Arthroscopic surgery is a minimally invasive surgical procedure used to diagnose and treat problems inside a joint. Most commonly it is used to treat the knee, hip and shoulder. It may also be performed on smaller joints such as the elbow, ankle, or wrist.
How is Arthroscopic Surgery Performed?
Arthroscopic surgery may be performed in a hospital or in an outpatient facility, but generally, patients are able to go home the same day. Depending on the joint or suspected problem, you will be given a general, spinal or local anesthetic.
Through a small incision roughly the size of a buttonhole, an orthopedic surgeon will insert pencil-sized instruments that contain a small lens and lighting system called an arthroscope. These allow him or her to magnify and illuminate the structures inside the joint.
The arthroscope is attached to a miniature camera that displays the image of the joint on a television screen. This allows the surgeon to look throughout all areas of the joint including the cartilage and surrounding ligaments in order to determine the exact amount or type of injury. If needed, they can then repair or correct the problem.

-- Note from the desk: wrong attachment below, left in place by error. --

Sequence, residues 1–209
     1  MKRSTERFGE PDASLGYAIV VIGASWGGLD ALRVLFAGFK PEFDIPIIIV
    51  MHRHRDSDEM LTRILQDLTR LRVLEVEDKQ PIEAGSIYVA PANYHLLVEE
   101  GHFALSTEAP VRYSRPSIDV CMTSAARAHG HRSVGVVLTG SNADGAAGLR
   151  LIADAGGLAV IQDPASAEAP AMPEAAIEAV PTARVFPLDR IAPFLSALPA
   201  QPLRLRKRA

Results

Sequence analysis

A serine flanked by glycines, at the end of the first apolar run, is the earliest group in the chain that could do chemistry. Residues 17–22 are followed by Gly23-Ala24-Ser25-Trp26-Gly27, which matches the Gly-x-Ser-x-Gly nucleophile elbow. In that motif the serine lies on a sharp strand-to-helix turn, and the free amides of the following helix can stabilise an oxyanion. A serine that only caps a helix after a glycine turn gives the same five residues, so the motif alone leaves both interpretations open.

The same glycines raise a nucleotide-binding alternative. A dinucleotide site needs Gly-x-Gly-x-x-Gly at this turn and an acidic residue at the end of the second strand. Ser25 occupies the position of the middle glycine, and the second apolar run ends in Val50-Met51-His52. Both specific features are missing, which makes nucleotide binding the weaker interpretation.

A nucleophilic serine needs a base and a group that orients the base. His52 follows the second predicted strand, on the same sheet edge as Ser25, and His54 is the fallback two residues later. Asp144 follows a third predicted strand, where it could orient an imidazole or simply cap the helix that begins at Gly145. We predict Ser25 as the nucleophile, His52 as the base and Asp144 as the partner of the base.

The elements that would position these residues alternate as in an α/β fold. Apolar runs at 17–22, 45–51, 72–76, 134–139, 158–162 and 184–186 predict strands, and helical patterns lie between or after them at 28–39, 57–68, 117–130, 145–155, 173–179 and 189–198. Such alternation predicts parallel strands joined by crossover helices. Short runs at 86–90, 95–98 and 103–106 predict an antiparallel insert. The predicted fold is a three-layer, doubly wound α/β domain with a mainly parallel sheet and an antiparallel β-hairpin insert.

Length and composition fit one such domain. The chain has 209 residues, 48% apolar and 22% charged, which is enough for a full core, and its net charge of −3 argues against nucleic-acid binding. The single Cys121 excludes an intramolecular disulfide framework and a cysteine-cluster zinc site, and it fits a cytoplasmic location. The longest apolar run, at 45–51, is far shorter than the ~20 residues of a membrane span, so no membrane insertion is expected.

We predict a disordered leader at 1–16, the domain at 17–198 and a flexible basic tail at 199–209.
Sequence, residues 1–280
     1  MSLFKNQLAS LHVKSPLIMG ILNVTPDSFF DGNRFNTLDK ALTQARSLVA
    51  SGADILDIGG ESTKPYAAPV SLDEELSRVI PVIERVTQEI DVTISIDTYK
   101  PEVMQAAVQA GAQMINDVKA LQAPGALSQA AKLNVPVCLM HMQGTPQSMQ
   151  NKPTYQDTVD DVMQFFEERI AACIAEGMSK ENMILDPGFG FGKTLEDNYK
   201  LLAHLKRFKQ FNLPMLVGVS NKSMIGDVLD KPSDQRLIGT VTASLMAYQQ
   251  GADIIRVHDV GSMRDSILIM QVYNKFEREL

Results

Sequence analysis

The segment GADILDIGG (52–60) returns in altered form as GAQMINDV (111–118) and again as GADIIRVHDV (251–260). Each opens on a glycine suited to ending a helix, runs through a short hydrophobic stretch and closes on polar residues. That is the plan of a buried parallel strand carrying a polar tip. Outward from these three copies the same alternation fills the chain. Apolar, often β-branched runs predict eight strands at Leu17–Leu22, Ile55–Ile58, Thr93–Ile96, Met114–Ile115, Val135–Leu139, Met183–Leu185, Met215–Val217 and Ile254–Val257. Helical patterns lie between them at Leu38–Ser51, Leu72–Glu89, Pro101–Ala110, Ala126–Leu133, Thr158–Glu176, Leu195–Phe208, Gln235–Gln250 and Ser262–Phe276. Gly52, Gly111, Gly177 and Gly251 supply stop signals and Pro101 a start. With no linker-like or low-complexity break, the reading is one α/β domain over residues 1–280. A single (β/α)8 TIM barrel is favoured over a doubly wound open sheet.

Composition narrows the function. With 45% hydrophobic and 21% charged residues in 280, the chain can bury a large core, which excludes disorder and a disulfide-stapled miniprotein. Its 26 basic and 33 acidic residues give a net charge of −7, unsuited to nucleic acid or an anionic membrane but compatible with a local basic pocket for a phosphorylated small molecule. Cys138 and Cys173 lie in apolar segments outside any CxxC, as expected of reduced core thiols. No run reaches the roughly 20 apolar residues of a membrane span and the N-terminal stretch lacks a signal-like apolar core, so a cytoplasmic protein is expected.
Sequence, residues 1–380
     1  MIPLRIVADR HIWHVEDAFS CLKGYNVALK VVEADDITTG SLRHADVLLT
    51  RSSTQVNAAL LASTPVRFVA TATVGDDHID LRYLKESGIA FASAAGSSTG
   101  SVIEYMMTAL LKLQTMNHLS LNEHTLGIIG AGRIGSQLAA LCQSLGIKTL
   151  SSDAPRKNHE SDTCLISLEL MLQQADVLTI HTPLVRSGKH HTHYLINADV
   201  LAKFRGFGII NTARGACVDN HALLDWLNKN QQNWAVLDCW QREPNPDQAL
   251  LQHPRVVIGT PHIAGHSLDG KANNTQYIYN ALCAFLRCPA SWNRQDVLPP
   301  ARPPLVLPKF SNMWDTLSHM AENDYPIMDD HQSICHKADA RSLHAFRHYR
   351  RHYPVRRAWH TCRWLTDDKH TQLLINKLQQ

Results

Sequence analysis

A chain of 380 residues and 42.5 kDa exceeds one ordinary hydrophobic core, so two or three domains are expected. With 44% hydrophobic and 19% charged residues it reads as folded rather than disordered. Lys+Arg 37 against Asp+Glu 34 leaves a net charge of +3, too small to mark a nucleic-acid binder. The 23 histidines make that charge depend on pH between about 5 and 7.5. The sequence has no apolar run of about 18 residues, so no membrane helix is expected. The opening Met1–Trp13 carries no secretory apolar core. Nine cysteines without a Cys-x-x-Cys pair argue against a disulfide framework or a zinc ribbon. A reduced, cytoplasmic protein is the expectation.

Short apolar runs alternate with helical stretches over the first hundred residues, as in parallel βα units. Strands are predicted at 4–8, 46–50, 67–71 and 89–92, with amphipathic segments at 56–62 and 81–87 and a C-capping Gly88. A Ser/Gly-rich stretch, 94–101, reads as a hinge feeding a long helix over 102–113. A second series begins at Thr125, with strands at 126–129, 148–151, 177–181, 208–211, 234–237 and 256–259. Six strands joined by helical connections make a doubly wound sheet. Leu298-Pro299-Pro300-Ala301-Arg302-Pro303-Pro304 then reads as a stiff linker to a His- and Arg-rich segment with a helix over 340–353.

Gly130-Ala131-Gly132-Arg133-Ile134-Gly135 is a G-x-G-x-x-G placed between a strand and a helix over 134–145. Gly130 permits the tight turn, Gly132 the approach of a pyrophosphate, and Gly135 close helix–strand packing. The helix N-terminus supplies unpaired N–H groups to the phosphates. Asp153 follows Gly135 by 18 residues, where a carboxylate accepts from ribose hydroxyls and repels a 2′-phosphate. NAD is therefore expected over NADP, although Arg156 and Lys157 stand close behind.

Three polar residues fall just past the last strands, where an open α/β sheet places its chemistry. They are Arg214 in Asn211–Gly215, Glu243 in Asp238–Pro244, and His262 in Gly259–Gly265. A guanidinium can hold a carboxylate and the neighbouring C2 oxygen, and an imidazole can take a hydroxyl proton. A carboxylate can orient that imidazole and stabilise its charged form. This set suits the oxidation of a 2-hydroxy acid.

Common Reasons for Arthroscopic Surgery
Arthroscopic surgery can be used to diagnose and treat various acute or chronic injuries such as:
- Rotator cuff tendon tears, impingement syndrome, and recurrent dislocations of the shoulder.
- Meniscal (cartilage) tears, chondromalacia (wearing or injury of cartilage cushion), and anterior cruciate ligament tears with instability associated with the knee.
- Carpal tunnel syndrome in the wrist
- Loose bodies of bone and/or cartilage in any joint including the knee, shoulder, elbow, ankle or wrist.
Arthroscopic surgery may also be used in combination with other surgical methods.
What are the Advantages of Arthroscopic Surgery?
Like other minimally invasive procedures, the benefits of arthroscopic surgery include faster recovery times, less pain, shorter hospital stays, reduced risk of infection and less scarring.
It’s not unusual for patients to go back to work or school within a few days, but it typically takes several weeks for the joint to fully heal.
Are There Any Risks?
There are risks associated with any medical procedure including arthroscopic surgery. According to the American Academy of Orthopedic Surgeons, complications occur in less than 1% of all arthroscopic procedures. Possible complications include:
- Blood clots
- Excessive swelling or bleeding
- Damage to blood vessels or nerves
- Instrument breakage
About South Shore Orthopedics
South Shore Orthopedics is a multi-subspeciality orthopedic practice that serves patients on the South Shore and in the Boston area using the latest proven techniques in surgery and rehabilitation. With any procedure, including arthroscopic surgery, we want you to be informed and involved in the decision-making process regarding your care, from pre-operative preparation to rehabilitation protocols. If you are suffering from joint pain, call South Shore Orthopedics at (781) 337-5555 to schedule an appointment.